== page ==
The NSW Musical Chair Catch Share game – Clarence River fishers have rejected it unanimously

f06496c07730c1f1674eee328577202bClarence River fishers have rejected the latest State Government attempt to restructure their industry. After mulling over Department of Primary Industry restructure information packages sent out a few weeks ago, a meeting including 50 fishers voted unanimously to reject the proposals. The vote occurred at an information/update meeting on the NSW Commercial Fisheries Business Adjustment Program (BAP) for Clarence River and Region 2 Commercial Fishermen on Tuesday at the Harwood Hall. The fishermen, Clarence River Fishermen’s Cooperative directors and management, the Professional Fishermen’s Association and the Wild Caught Fishers Association met to put the contents of the DPI information packages under the microscope. Read the story here 16:55 Watch this video.

Catch Shares: After 10-year crab review, NPFMC seeks social impact information. Are they blind?

red-king-crab-2432px-608x400The North Pacific Fishery Management Council approved a 10-year review of rationalization on June 10, the program that ended derby-style crab fisheries in 2005 and gave quota shares to vessel owners, captains and processors. The aim was to reduce overcapitalization and create a safer fishery by allowing crew to fish slower with a guaranteed quota allocation compared to the previous free-for-all. The study – The 10-year review charted a continuation of trends found in the five-year review.  Vessel consolidation continued along with quota consolidation, but both somewhat stabilized in the last five years. Fewer people hold quota than before. Each individual quota holder, naturally, holds more quota now than in 2004; 53 fewer people hold Bristol Bay red king crab crew shares now than in 2005. In the two years following rationalization, the crab fleet shrank from 256 vessels in 2004 to 91 in 2006. Read the rest here 12:49

Catch Shares New South Wales Style – Half the Small Boat Fishermen will disappear

f0f9f27c3eccac1a79ca860253f82a91MORE than half of the Coast’s 100 commercial fishers are expected to be cut adrift after the state government released its industry reforms last week. Dane Van Der Neut, president of the NSW Wild Caught Fishers Coalition, said the worst fears of local commercial fishers were realised in the Baird Government’s bid to overhaul the $90 million industry. “We’ll now lose over half our fleet, from Tuggerah Lake to the Hawkesbury, because the government wants to corporatise the industry, make all shares equal, and price out the smaller operators,” Patonga-based Mr Van Der Neut said. Terrigal state Liberal MP Adam Crouch hailed the changes as a “new era” for commercial fishing. Read the rest here 08:16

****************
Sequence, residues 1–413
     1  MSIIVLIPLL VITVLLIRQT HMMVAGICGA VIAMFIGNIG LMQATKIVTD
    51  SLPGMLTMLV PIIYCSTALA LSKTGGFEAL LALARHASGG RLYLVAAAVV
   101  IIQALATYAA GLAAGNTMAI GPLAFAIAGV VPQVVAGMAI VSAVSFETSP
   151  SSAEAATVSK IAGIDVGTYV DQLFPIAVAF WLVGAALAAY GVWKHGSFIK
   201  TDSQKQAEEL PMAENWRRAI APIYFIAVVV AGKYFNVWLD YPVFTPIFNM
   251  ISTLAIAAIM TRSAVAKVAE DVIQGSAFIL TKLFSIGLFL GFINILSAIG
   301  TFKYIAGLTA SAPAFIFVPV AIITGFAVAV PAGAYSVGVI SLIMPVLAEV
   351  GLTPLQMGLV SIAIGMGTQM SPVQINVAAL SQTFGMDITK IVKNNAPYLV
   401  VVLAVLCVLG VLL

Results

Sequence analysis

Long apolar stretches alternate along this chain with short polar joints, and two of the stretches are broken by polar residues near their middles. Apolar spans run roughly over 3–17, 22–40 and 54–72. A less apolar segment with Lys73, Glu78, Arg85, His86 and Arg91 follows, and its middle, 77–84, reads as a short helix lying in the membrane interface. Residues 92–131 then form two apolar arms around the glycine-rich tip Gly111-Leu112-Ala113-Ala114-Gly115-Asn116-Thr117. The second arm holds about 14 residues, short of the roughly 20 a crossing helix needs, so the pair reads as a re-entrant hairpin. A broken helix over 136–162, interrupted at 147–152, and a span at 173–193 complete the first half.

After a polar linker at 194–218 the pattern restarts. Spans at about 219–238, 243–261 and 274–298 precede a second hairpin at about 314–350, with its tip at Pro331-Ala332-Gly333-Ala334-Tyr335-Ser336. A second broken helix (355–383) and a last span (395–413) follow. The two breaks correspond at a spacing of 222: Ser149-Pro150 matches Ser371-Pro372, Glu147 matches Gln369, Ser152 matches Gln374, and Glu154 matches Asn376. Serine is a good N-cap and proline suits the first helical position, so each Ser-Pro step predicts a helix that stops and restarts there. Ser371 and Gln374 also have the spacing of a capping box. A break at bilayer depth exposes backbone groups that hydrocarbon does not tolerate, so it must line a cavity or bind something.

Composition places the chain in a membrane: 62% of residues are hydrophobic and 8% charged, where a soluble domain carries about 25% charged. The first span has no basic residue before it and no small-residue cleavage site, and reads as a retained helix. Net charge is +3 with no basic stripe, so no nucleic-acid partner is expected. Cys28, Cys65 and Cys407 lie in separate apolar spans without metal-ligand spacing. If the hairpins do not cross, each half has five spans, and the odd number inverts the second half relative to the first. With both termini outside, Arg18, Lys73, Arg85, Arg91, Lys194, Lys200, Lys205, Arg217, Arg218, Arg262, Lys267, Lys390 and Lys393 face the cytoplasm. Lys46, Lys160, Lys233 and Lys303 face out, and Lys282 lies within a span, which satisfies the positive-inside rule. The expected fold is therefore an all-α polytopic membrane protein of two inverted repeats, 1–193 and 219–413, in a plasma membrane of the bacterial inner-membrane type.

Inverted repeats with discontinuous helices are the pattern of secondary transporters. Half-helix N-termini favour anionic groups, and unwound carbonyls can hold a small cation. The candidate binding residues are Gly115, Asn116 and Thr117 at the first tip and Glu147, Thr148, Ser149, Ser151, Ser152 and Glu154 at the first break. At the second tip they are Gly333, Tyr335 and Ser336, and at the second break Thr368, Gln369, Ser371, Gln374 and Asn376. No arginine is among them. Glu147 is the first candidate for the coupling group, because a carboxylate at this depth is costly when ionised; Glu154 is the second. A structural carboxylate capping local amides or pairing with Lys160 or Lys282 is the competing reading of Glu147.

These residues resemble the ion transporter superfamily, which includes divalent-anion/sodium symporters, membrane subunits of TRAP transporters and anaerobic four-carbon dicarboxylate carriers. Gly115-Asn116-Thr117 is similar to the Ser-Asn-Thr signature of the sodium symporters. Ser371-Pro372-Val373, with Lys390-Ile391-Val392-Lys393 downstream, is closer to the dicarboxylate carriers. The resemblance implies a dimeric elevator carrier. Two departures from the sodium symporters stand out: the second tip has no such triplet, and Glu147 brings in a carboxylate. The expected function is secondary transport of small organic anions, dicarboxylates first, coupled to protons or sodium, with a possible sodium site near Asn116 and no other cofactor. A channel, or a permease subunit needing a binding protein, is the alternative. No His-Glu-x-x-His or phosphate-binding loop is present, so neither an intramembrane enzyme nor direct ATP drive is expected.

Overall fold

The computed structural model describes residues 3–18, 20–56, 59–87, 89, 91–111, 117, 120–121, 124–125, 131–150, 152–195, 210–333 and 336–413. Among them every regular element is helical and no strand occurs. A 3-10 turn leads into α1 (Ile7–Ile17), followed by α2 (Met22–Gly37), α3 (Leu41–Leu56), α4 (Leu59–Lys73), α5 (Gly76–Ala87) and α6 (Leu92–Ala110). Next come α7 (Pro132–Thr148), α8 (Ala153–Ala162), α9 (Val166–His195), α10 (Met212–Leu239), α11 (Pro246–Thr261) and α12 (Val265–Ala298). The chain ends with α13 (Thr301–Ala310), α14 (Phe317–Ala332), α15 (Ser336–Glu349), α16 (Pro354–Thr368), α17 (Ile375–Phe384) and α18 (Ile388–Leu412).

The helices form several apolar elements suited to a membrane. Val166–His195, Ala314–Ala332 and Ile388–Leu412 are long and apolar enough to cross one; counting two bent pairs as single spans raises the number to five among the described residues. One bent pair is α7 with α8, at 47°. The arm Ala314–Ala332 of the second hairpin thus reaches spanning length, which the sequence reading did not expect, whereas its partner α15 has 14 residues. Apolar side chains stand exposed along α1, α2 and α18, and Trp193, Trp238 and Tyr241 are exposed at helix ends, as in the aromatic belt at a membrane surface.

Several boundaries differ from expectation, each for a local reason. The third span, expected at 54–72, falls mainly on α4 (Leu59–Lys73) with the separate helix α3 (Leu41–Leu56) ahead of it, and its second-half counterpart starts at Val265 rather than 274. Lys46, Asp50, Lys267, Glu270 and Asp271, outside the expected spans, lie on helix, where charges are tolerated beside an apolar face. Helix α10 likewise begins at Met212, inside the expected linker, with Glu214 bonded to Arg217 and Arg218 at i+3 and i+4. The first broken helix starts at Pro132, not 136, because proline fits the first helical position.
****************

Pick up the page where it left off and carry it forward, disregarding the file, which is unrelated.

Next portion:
Groundswell – Opposing Catch Share Embezzlements for the Gulf of Alaska

1-5cafb4e98eGulf of Alaska groundfish trawl bycatch amendments for analysis top this week’s North Pacific Fishery Management Council meeting in Kodiak.  First up is the 10-year review of the Crab privatization quota system.  It put roughly 1,350 fishermen out of work and shifted roughly $800 million of labor’s surplus to some sealords — embezzled from captains and crew. Into today’s capital flight torrent enters 40 groundfish trawlers, also wanting a mixed economy of brutish capitalism combined with another socialistic program of government giveaways.  That’s Alternative 2 in the analysis outline, an IFQ proposal.  It will result in more capital fleeing Alaska, robbing our communities of the labor surplus that drives rounds of respending that stimulate coastal economies. Greed and lazy are common economic bedfellows. They’ll embezzle 70% off the top, too.  IFQs are euphemistically called “catch shares,” while those who do fish get less of a share than before. Since they saw trawl IFQs as inevitable politically, a splinter group of weak feeling local fishermen came up with a nonsensical idea to at least get one piece of the giveaway trawl pie, in something misnamed a Community Fishing Association. Read the op-ed here 20:51